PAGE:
Wake Up: Nicole Hill and Institutional Oppression

There was a shooting rampage in PA yesterday. At least that’s what the media is calling it. Shooting spree, mass murder and so forth. And what Bradley William Stone appears to have done is all of those things. But it’s also something else that the media likely won’t focus on, or at least not to the extent that it should.

This was an intimate partner homicide. This was intimate partner abuse, aka domestic violence. The victim, Nicole had been saying that she knew he would kill her. Those of us who do domestic violence work know this is a huge warning sign for lethal abuse. In addition, Nicole Hill was recently engaged, another risk factor. They were in a “custody dispute” which the vast majority of the time is the media and society’s uneducated way of describing the end of an abusive relationship in which children are involved. The end of a relationship is typically the most dangerous for a survivor. This time period usually passes after several months but if kids and the court are involved, it’s anybody’s guess how long the controlling behavior will go on. And of course some controlling people will never stop abusing a particular ex, or perhaps any of their exes, as might be the case in this situation as Bradley William Stone was as remarried and still it is reported that he killed his ex-wife.

Intimate partner abuse is about power and control. It is not about mental health, as PTSD has been mentioned in this situation. What we know about domestic violence is that mental health may exacerbate controlling behaviors but mental health does not cause someone to become entitled to the extent they are controlling and abusive. And since this man killed others beyond his ex is likely indication of some mental health disorder, it does not mean that the mental health is what caused these homicides. People who are abusive are controlling and/or violent because they are entitled. And so my guess is PTSD may have tipped this man to be violent towards others in addition to violent towards his ex-wife, but what caused his violence to begin with is more likely related to entitled beliefs. It is just another variant in this awful tragedy, which had it been addressed may have prevented the homicide but assuming this is what it appears to be, intimate partner abuse, the beliefs that lead someone to control and abuse their partner would still be there. And until those beliefs are assessed for and addressed, this person would likely be abusive to his ex and the extent of his violence may or may not be similar to what we saw from him yesterday.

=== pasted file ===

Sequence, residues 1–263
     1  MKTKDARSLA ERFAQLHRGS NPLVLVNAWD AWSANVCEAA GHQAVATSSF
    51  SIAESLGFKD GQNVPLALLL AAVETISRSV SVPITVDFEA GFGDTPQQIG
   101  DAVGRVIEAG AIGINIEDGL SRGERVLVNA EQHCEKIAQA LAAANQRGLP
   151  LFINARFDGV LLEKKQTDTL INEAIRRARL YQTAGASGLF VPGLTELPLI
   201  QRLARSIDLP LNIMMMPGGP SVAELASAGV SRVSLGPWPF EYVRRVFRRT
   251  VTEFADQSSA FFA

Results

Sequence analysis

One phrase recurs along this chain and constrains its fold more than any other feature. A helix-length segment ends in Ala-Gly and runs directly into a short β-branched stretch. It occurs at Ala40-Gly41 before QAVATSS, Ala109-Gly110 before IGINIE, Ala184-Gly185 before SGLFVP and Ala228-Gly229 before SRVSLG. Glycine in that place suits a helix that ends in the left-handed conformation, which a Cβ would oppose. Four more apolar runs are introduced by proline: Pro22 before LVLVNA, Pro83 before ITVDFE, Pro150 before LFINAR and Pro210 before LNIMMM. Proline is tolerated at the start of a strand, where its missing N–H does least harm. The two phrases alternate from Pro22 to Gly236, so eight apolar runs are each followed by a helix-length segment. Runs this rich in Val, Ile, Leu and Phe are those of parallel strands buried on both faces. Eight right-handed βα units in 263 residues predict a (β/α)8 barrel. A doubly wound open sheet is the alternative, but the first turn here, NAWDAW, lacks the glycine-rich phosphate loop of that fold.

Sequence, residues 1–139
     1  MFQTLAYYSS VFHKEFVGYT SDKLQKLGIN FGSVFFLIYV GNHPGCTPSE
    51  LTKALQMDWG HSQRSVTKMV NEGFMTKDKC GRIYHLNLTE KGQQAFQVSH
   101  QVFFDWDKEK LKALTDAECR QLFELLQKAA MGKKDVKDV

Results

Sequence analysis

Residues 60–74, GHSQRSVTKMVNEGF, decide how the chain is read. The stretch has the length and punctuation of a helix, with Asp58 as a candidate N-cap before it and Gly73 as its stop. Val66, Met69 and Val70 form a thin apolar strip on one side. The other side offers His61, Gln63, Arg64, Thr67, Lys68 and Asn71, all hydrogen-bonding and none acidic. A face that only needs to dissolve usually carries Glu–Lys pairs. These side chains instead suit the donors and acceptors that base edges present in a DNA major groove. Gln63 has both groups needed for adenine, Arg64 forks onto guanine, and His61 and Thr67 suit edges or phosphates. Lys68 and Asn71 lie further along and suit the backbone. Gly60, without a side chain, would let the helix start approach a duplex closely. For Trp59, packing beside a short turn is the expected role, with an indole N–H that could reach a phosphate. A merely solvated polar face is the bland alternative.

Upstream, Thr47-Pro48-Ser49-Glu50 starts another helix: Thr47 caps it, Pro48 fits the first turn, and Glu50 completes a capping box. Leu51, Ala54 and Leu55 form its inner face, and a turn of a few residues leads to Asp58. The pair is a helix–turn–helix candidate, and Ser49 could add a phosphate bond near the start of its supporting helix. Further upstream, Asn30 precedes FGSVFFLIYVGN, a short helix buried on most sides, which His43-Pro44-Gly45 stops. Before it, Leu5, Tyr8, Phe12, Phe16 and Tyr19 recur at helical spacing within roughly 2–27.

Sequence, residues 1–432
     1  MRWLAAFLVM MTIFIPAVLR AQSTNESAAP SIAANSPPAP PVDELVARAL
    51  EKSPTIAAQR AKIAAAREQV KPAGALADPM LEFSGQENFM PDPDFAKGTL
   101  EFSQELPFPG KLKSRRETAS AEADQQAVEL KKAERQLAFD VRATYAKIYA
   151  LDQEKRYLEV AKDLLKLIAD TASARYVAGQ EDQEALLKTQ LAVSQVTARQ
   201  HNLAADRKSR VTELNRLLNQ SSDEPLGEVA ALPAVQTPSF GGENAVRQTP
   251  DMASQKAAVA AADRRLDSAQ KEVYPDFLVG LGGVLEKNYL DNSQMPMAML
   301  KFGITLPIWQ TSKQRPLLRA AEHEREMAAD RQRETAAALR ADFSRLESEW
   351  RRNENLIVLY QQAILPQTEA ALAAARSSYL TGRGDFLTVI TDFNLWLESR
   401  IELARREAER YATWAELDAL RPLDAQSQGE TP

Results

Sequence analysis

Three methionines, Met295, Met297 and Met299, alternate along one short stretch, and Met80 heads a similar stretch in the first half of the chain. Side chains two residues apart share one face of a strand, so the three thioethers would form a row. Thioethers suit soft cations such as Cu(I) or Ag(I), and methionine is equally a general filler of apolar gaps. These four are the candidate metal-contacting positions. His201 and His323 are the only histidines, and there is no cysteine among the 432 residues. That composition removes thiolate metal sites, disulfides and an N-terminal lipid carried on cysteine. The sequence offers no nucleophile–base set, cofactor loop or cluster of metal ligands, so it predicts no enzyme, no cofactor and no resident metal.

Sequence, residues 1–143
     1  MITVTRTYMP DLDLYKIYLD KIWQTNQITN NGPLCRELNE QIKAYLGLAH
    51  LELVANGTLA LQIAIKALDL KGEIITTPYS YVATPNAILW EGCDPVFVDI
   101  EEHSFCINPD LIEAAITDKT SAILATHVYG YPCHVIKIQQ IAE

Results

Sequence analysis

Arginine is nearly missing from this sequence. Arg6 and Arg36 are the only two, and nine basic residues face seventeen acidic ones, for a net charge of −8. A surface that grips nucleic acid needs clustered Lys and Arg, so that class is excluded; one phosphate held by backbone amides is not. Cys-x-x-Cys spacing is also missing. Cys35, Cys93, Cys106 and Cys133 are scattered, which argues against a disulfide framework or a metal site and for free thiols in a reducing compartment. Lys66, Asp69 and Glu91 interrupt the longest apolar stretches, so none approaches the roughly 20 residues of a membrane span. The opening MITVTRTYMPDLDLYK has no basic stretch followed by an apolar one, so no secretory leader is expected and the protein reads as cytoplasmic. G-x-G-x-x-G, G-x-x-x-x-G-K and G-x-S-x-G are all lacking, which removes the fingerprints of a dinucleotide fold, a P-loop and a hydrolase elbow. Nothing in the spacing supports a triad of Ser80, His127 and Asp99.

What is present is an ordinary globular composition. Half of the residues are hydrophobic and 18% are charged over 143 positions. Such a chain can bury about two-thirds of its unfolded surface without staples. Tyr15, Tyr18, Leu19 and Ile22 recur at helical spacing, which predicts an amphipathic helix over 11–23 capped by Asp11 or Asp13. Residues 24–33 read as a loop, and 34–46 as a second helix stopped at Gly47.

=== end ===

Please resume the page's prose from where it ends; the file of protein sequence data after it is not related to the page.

Comprehensive gun control would be helpful as guns certainly make lethal abuse/lethal threats easier to carry out. However guns are just an instrument in partner abuse, not the cause. But a very scary instrument, at that. Ultimately though increased gun control will not hold an abuser accountable to their entitled beliefs and subsequent actions.

If we just focus on mental health and guns in these tragedies, the amount of violence we see will not decrease. It is possible the amount of lethal violence will decrease because of what I mentioned above about guns as a tool for abuse and the exacerbation of abuse by mental health issues. But power and control, patriarchal beliefs that have been disseminated into heterosexual and same-sex relationships are the root cause here. Entitlement is what makes people think they have the right to kill the mother of their children. Entitlement is what makes people in relationships focus so extensively on their own feelings that they are unable to empathize with their partners and are thus able to terrorize, sometimes kill, them. And institutional oppressions, of all types, I believe are what makes this world so dangerous. Breaking down the beliefs, the systems of oppression and the entitlement that lead people to justify injustice and to see their group as superior to another group, whether the group be based on gender or race or gender/race/gender identity or any other oppressed group – that is what is so crucial here. Without the empathy and without the genuine disbelief that any of us are superior to anyone else I truly worry about this world. And then I worry even more because as many feminists and Civil Rights Advocates and LGBTQ advocates articulately express this concern, it seems to repeatedly fall on unreceptive ears. I’m so tired of explaining this information to others only for them to respond with denial and/or apathy. And more than that I am angry and afraid of the existence and extent of violence in the world and that society seems to stubbornly ignore the root causes of this injustice and violence.

I am so sad for the children who lost their mother. I am sad that their father was likely so focused on his own entitled belief that he should get what he wants that he actually killed their mother. I am sad that society focuses more on mental health that they miss the long history of misogyny that led this man to pick up a gun in the first place and kill his ex and many others. So on this early morning, I implore society to wake up. Wake up to misogyny, wake up to white supremacy, wake up to all forms of institutional oppression and the very real and devastating consequences of their existences. Wake up to these matters and eventually, I believe, we can wake up to peace.

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